In these days of losing streaks and jubilant calls for his head, it's easy for Valentine to wonder whether he should have quit back in June, gotten out before all the conspirators got him at last. "It's not just about my coaches being fired," he says, sitting in front of his hotel in Philly. "It's about never being consulted, never being told, leaking it to the press—how it was done." He mentions Wallace. "My pitching coach now was involved in the decision to fire my hitting coach. If he wasn't part of the solution when he was out of uniform, why wasn't he part of the problem? He was part of the staff."
Valentine is wearing a black leather jacket that seems to swallow him up, make him smaller. He stares out at the hotel driveway. "Half the players probably think I had something to do with it, that I'm totally in agreement with it," he says. "I've had to act like nothing was lost, like we're better for it." He forces a casual shrug. "But what the hey."
At that moment Wallace emerges from the hotel and passes in front of Valentine. The two men exchange pleasantries. Wallace walks off. After a while Valentine says, "I hate surprises."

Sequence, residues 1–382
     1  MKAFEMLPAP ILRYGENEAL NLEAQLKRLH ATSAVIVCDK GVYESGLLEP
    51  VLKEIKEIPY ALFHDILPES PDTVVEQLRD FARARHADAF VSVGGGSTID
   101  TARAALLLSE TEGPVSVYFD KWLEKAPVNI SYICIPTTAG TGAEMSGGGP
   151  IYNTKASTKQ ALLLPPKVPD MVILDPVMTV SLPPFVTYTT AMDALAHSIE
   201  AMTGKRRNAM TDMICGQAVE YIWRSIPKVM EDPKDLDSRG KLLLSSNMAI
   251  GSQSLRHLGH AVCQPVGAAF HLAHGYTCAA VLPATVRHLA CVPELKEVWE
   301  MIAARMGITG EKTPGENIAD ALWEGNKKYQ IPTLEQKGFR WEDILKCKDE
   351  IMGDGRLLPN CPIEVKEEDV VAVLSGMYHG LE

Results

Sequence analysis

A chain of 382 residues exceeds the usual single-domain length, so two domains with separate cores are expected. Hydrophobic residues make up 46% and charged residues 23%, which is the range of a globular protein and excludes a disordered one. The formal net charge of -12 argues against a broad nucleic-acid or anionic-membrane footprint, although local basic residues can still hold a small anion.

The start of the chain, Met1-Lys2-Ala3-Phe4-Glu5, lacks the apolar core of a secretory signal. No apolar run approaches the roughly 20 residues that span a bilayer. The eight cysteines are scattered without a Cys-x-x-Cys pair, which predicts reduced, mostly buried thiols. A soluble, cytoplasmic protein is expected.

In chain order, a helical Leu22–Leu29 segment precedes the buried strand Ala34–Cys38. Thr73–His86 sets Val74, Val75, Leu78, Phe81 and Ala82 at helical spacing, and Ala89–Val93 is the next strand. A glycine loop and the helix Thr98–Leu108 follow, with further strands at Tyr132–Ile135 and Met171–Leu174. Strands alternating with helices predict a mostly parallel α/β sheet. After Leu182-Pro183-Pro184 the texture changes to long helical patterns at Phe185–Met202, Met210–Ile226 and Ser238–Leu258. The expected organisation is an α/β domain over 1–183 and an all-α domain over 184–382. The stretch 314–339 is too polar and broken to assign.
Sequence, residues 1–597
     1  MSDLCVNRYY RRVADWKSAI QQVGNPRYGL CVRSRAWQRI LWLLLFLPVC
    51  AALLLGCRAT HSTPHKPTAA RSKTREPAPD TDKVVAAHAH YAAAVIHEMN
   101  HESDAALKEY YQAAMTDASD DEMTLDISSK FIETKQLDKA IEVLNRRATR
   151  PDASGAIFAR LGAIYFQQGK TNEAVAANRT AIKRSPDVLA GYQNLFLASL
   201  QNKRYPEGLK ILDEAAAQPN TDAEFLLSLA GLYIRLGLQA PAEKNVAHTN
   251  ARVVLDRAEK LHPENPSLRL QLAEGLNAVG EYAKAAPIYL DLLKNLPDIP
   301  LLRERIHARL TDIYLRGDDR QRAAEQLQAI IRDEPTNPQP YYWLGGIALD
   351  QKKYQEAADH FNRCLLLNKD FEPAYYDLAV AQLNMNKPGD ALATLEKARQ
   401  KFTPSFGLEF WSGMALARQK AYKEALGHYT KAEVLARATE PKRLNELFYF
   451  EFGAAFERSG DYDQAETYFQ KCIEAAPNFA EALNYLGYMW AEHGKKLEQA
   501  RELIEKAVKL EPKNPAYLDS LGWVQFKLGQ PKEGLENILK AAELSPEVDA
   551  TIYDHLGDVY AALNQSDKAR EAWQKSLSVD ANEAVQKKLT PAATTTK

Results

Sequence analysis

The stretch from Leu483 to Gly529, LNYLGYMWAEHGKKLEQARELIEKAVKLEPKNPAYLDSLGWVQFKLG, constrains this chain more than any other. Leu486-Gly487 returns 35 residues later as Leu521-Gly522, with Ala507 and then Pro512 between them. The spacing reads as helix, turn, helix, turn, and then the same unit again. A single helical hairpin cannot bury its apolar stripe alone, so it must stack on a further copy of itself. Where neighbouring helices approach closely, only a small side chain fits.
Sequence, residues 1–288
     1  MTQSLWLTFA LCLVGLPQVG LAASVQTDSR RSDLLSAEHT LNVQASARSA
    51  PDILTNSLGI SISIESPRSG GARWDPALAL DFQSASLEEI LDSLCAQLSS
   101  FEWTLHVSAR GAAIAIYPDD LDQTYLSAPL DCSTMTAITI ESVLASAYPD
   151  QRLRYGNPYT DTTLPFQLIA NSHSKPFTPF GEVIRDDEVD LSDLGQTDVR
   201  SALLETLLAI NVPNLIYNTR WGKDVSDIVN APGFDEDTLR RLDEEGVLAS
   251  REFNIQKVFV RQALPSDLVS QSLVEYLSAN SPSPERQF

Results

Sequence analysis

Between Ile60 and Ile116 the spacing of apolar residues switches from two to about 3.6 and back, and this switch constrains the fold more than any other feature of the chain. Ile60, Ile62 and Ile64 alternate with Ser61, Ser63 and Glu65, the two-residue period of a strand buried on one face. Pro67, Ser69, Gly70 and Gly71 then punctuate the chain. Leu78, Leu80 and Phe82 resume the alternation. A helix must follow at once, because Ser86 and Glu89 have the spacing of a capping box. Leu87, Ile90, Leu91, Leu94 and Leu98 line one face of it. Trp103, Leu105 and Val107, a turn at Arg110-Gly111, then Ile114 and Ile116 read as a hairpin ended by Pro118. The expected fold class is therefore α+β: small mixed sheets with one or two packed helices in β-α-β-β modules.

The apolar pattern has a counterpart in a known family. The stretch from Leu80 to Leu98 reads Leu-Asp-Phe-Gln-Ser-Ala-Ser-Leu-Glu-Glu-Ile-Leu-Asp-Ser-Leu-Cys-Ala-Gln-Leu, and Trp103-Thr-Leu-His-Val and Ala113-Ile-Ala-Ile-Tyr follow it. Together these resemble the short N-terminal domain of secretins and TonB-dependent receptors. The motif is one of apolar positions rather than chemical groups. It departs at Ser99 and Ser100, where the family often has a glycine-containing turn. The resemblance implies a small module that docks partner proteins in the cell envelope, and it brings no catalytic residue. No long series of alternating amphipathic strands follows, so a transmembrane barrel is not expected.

All controversy stops at the Stamford city line. There is one place left in America where no players question his honesty, where his brashness is a point of pride, where Bobby Valentine is universally loved. It is Saturday night at Mario the Baker on High Ridge Road, the Mets are on TV, and the place is packed with people digging into classic Stamford fare: pizza, lasagna, meatball wedges. "There are two Stamfords," says Al Shanen, Valentine's high school football coach. "The northern part is wealthy, but south of the parkway it has always been blue-collar. And there are two Bobby Valentines: the Bobby who's been thrust into the national limelight, with a personality that maintains stability in the face of his critics. Then there's the other side of Bobby, the good old Italian boy brought up in a small town who never lost sight of his roots. He's a real, honest-to-goodness hometown hero. That will never change in our eyes."